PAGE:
Bass Connections leads students through Amazon
By Ray Li, Duke Chronicle
A Bass Connections initiative took Duke students and faculty through the Peruvian Amazon, where they researched the impact of mining and brought aid to the local communities.
The boat trip allowed the team to visit 15 river communities, where the three undergraduates and four graduate and professional students studied the impact of heavy metal contamination and emerging infectious diseases in the area.
“My personal belief is that gold mining is a devastating activity ecologically and can lead to significant long-term damage to people and societies,” Pan said.
Ernesto Ortiz, associate researcher at the Duke Global Health Institute and in-country trip coordinator, noted that a major concern was the contamination of the Amazon with mercury. The removal of huge amounts of soil due to large-scale mining allows mercury to leak into the soil and waters, effectively poisoning flora and fauna.
While conducting their research, the students noticed that the rapid expansion of shanty-towns around Puerto Maldonado, a prominent city near the Amazon, also has a negative health impact on the community.
This type of expansion can lead to an increased risk of infectious diseases due to crowding and decreased living conditions, Pan said. He noted that these socioeconomic changes will be the focus of study in further rounds of data collection.
Ortiz said those on the trip went above and beyond their research requirements to assist the local community members. He cited a specific example when he was asked to provide medical assistance to a local woman four hours down the river.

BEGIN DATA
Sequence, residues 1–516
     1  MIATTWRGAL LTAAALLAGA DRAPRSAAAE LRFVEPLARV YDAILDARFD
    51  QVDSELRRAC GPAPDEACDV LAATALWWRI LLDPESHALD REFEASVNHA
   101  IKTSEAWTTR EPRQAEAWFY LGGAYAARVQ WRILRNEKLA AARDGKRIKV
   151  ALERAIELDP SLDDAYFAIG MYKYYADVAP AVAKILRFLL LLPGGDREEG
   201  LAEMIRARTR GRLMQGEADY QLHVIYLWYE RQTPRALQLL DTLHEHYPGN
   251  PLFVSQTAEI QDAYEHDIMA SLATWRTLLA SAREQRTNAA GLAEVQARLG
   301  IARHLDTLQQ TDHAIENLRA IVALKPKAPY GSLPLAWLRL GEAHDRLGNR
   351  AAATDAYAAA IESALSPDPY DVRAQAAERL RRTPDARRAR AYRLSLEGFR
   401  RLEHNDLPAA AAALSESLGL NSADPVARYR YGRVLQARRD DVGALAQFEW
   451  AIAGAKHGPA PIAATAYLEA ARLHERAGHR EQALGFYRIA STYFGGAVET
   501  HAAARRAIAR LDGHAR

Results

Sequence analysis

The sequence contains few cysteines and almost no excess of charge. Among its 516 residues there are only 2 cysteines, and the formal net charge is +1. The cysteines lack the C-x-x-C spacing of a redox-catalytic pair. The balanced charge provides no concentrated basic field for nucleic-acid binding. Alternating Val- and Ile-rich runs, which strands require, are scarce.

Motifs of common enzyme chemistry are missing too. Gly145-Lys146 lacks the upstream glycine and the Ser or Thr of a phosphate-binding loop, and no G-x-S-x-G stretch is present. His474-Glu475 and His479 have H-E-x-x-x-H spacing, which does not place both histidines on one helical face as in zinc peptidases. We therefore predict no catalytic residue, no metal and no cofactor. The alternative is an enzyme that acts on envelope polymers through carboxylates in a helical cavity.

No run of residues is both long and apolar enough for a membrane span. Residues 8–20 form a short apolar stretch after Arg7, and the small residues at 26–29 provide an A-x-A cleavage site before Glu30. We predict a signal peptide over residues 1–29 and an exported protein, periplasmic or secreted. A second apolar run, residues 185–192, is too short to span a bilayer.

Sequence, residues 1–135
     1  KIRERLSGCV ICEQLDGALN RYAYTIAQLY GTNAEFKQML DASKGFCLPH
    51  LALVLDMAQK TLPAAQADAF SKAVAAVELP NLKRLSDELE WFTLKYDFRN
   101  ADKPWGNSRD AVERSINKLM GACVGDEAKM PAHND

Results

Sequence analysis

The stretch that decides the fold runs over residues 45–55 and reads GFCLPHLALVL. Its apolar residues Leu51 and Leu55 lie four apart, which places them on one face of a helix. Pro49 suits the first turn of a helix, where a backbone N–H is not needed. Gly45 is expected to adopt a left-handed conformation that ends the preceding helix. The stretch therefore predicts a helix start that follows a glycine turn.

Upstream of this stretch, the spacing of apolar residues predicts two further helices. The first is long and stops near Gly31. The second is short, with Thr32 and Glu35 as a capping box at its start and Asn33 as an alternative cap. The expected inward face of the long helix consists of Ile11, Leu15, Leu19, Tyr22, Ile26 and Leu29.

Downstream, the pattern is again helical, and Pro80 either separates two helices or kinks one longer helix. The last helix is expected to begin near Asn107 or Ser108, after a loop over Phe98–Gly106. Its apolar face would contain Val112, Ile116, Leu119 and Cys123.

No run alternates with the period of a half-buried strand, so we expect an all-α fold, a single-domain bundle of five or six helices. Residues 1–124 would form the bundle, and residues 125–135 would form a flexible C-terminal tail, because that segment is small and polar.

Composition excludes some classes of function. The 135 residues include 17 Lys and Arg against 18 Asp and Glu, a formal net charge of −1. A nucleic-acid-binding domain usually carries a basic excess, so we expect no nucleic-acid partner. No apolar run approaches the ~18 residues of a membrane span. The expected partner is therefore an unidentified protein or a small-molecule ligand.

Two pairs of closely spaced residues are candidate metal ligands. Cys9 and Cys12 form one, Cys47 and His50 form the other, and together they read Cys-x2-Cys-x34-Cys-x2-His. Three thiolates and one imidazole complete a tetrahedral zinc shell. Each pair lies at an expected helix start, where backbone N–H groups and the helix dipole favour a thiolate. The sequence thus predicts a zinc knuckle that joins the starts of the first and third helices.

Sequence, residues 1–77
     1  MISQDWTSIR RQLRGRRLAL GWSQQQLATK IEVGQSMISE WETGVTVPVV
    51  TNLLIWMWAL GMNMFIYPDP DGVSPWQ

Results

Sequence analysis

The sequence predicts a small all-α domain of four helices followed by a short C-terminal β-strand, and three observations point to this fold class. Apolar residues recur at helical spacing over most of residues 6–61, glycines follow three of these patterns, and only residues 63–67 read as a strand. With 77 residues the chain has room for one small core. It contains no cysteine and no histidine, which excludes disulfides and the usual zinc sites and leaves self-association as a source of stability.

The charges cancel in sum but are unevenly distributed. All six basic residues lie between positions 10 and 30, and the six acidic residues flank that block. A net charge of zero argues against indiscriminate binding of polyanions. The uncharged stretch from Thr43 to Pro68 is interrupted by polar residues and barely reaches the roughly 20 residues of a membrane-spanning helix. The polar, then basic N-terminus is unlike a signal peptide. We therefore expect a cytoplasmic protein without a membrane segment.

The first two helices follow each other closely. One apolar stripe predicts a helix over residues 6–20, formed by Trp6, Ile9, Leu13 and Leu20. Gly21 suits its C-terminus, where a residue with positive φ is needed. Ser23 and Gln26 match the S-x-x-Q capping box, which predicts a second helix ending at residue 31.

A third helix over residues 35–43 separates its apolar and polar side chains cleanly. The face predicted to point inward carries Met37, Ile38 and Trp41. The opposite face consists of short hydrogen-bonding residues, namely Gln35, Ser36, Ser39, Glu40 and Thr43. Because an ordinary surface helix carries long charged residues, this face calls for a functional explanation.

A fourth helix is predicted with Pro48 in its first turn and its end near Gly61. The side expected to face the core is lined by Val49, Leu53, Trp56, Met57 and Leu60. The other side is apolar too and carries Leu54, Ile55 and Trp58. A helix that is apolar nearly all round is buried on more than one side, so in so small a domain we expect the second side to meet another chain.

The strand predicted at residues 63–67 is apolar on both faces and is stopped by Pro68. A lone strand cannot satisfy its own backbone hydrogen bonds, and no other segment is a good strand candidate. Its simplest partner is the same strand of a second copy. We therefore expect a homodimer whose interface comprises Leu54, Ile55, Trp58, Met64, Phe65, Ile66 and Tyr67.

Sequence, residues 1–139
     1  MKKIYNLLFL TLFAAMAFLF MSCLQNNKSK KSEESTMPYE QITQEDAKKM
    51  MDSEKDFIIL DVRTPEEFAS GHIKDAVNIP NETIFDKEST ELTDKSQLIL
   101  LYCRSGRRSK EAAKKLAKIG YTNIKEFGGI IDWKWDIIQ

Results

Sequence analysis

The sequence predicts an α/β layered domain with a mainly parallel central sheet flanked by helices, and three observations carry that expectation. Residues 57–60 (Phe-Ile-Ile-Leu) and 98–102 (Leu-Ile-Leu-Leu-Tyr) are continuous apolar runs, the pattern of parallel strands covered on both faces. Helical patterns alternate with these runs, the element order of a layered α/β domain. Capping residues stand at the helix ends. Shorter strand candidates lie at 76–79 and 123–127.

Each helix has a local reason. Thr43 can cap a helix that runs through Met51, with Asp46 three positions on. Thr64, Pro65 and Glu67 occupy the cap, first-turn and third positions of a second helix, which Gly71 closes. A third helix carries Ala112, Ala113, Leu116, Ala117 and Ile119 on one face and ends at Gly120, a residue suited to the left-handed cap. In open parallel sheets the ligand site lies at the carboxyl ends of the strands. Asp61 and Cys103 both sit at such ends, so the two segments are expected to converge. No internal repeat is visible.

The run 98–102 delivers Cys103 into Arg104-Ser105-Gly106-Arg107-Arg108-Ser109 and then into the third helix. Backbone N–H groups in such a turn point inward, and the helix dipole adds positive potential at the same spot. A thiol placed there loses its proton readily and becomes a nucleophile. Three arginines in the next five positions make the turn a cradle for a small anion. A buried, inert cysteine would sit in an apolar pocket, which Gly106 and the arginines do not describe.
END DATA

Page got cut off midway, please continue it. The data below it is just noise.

“She looked like she was 40 weeks pregnant. Her legs were swollen and she could barely breathe,” Ortiz said. “She was waiting to die in this small community—and she would have, had there been no intervention.”
Ortiz eventually discovered that the woman had an ovarian cyst, and radioed the Peruvian Navy. The navy then contacted the Ministry of Health to airlift the woman to a nearby medical center.
The students and faculty assisted the local community in less extreme conditions as well.
After noticing severe oral hygiene deficiencies in children of the region, the team partnered with a Peruvian dental company to provide toothpaste and dental care products for hundreds of local children, Pan said. Together, they established an extensive dental health education program that they then implemented in each community they visited.
This trip was one of the first projects of the Bass Connections program.
Pan noted that a key part of the trip was its integration of students from different academic levels, which was facilitated by the Bass Connections program.
“Admittedly… I was reticent to engage undergrads in my research for a number of reasons. But this team we developed, from undergrad to Ph.D., was truly remarkable,” Pan wrote in an email Saturday. “They evolved into a very effective research team and successfully collected all the data we had set out to obtain.”
Bass connections is a university-wide interdisciplinary initiative that began this year, giving Duke students the opportunity to solve problems in specific pathways and work in teams